# Lecture 11: Optimization

## From Last Time

- Graph of averages
- Minimizing average loss
- It has no assumption of the shape of the data.
- There is always a line of best fit, but might not be right
**Anscombe Quartet**

### Transformation

- Linear easy to interpret

#### Log transformation

$$ y=a^x, log(y)=xlog(a) $$ $$ y=ax^k, log(y)=log(a)+k~log(x) $$

### Simple Linear Regression: Interpreting the Slope

$$ slope = r~\frac{\sigma_y}{\sigma_x} $$

Regression is associative. Not causation.

For a slope of 0.09 in per pounds, we say **0.09 is the estimated difference in height between two people whose weights are one pound apart.**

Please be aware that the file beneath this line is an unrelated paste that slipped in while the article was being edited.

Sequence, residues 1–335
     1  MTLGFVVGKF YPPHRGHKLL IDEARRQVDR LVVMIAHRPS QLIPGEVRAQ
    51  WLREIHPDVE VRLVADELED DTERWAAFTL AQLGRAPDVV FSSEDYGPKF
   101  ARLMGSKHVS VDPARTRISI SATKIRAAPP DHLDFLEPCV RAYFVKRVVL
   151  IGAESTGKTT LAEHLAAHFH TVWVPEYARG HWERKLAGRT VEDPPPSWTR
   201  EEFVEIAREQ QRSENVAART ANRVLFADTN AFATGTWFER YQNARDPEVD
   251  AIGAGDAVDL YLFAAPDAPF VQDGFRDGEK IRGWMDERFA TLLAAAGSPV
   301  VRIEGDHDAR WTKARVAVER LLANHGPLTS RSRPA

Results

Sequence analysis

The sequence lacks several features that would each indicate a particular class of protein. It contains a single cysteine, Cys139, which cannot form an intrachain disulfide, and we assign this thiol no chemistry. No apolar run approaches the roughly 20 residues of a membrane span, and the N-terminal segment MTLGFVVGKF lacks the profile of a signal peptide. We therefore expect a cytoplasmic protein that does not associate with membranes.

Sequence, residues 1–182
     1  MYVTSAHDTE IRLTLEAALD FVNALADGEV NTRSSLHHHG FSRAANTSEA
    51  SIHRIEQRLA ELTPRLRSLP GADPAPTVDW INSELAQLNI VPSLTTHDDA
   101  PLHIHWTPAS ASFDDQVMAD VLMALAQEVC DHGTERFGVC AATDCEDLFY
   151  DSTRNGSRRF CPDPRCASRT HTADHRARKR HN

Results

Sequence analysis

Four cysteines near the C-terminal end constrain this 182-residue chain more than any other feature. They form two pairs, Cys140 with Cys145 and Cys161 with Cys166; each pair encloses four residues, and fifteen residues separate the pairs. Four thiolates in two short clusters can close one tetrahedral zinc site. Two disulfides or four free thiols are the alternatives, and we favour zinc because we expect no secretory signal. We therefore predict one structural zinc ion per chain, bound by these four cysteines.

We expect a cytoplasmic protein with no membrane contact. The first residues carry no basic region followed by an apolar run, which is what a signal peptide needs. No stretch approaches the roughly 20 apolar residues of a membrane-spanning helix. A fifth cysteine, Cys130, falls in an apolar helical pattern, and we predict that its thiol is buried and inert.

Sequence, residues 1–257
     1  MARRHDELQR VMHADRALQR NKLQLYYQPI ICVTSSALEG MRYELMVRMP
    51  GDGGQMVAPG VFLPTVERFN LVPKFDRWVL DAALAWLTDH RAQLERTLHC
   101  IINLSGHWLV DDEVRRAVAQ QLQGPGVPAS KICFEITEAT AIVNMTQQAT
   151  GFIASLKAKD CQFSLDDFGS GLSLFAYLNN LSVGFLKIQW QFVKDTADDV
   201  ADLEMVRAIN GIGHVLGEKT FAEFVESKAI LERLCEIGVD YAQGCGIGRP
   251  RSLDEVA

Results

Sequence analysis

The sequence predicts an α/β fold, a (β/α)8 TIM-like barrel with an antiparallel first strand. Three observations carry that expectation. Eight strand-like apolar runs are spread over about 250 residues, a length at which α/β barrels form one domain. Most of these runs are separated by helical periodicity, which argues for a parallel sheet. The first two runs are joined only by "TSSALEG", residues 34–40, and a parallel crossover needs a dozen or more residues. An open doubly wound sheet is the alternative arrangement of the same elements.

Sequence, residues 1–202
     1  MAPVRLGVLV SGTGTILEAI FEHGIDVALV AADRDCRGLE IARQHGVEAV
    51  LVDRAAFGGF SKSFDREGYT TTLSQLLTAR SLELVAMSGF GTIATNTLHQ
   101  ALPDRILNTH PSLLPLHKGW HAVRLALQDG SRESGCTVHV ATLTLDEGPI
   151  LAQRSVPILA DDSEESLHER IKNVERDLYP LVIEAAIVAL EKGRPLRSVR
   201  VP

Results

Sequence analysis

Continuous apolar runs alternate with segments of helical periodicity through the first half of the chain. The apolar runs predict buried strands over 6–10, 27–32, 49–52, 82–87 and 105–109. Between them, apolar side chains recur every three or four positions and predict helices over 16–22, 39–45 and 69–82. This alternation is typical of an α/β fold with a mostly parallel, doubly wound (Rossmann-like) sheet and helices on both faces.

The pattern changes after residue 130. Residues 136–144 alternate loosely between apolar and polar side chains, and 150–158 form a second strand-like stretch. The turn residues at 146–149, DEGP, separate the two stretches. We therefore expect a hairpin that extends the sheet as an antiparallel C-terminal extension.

## Recap on Modeling

- For engineers is make predictions -
**accuracy** - For scientists it's
**interpretability**.- Parameters like \( F = ma \)

## Steps for Modeling

### Squared Loss vs. Absolute Loss

\( L^2 \) nice optimization properties (differentiable) and sensitive to outliers.

### Calculus for Loss Minimization

$$ h(x)=f(g(x))) $$

$$ \frac{\partial h}{\partial x} = \frac{\partial f}{\partial g} \frac{\partial g}{\partial x} $$

It cancels out.

Derivative of outside times derivative of inside. Repeat!

### Numerical Optimization

- First Order: Gradients, the slope of our loss landscape.
- Second order is Hessian, computation is slow.

### Gradients

loss function \( f \) takes a vector and returns a scalar

Gradient takes the scalar and returns a vector.

Like falling down a well. 1 Dimension example.

Update the weights \( \theta \). \( \rho(\tau) \) is the learning rate.